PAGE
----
Jon Hoadley, a 37-year-old liberal, is pushing an agenda to confront climate change aggressively as a wedge issue to defeat longtime Republican incumbent Rep. Fred Upton in a purple district of southwest Michigan.
Hoadley’s embrace of the progressive “Green New Deal” might seem like a risk to score an upset in a district, Michigan’s 6th, bordering Indiana, and which President Trump flipped in 2016 after it backed former President Barack Obama in 2008 and 2012. The race is rated lean Republican by the Cook Political Report and Sabato’s Crystal Ball.
But Hoadley is betting voters of both parties can identify with the effects of climate change fueling extreme weather, which he says have disrupted the work of farmers in the district who grow corn, potatoes, blueberries, and apples.
“The climate crisis is here in southwest Michigan too,” Hoadley told the Washington Examiner in an interview.
Joe Biden, the Democratic nominee, seems to agree. This week, he chose Michigan, an upper Midwestern swing state that Trump narrowly won, as the venue to unveil his first general election ad focused specifically on climate change. The ad features Michigan cherry farmers who say climate change is harming their operations.
Biden, however, has tried to moderate his positioning on climate change in recent weeks, distancing himself from the Green New Deal and repeatedly pledging to not ban fracking for natural gas.
Hoadley, a state representative in Lansing, sees his association with the Green New Deal as an asset. His youth is central to his messaging around climate change. He’s been endorsed by the Sunrise Movement, a youth climate group that helped bring attention to the Green New Deal, along with Brand New Congress, a group that recruited Rep. Alexandria Ocasio-Cortez.
“Younger people will live with impacts of the climate crisis longer than some folks,” Hoadley said. “Fred Upton had 34 years to get this right.”
Upton, a 67-year-old centrist Republican first elected in 1986, is no stranger to environmental and energy issues. He’s a former chairman of the Energy and Commerce Committee and longtime champion of conservation and preserving Michigan’s Great Lakes. He’s also helped lead a recent effort by House Republicans to adjust their messaging around climate change in response to polling showing vulnerability among young and suburban voters.
Hoadley argues Upton’s interest in addressing climate change has come too late and is skeptical of Republicans’ limited agenda of promoting private sector innovation as an alternative to Democratic ideas favoring regulation, taxes, or mandates.
“He’s been there for 34 years and decided in year 33, when he doesn’t have the gavel, that we should start to take baby steps?” Hoadley said. “This is why people are so frustrated. He has had an opportunity to create change for years.”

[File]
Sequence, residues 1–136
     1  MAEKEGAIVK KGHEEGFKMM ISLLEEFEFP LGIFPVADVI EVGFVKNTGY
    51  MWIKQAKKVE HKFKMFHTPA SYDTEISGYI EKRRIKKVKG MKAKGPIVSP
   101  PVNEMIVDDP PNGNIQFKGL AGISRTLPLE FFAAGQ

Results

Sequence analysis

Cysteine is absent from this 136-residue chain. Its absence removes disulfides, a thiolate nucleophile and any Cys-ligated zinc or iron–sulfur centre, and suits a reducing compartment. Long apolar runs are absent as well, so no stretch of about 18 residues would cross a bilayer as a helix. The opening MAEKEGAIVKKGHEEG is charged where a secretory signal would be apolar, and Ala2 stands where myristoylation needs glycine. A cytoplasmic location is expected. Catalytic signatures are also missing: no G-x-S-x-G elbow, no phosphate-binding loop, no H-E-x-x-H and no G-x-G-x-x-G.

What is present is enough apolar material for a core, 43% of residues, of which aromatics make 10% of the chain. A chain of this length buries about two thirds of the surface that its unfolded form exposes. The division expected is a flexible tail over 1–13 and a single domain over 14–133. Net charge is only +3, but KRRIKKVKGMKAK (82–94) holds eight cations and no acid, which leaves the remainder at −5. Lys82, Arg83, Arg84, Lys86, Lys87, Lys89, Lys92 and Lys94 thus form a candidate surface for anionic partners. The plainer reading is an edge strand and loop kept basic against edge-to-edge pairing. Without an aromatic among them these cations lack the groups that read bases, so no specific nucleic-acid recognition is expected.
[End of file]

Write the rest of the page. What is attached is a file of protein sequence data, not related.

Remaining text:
Upton counters that his district’s centrist voters would be repelled by Hoadley’s support for the Green New Deal, a 14-page resolution co-authored by Ocasio-Cortez that calls for economic transformation to curb climate change while also addressing social issues by providing government healthcare and housing.
“Fred believes in climate change — he just doesn’t think the unrealistic Green New Deal is the way to go like Jon Hoadley does,” Josh Paciorek, an Upton spokesman, told the Washington Examiner.
Upton is campaigning on a mainstream Republican agenda of lowering prescription drug prices, ending the country’s opioid epidemic, and “making Michigan communities safer.”
He is a vice chairman of the bipartisan Problem Solvers Caucus, a group of 25 centrist Republicans and 25 Democrats.
Nonetheless, Hoadley is portraying Upton as being too close to Trump. He’s voted with Trump 81% of the time, according to FiveThirtyEight, and opposed impeaching the president.
“Fred Upton is tied so closely to Donald Trump, when folks are calling for change, they know they need to see change all the way down the ballot,” Hoadley said.
Hoadley, seeking to become the first gay person from Michigan to serve in Congress, also attacked Upton for voting in favor of repealing the Affordable Care Act multiple times. Upton backed Trump and the GOP’s unsuccessful push to repeal the Affordable Care Act in 2017 but only after offering an $8 billion amendment to protect people with preexisting conditions. Upton has criticized Hoadley for supporting Medicare for All.
“For years, Upton has worked across the aisle to break gridlock, solve problems, and deliver results for southwest Michigan,” Paciorek said. “He’s never been afraid to stand up to President Trump when he disagrees.”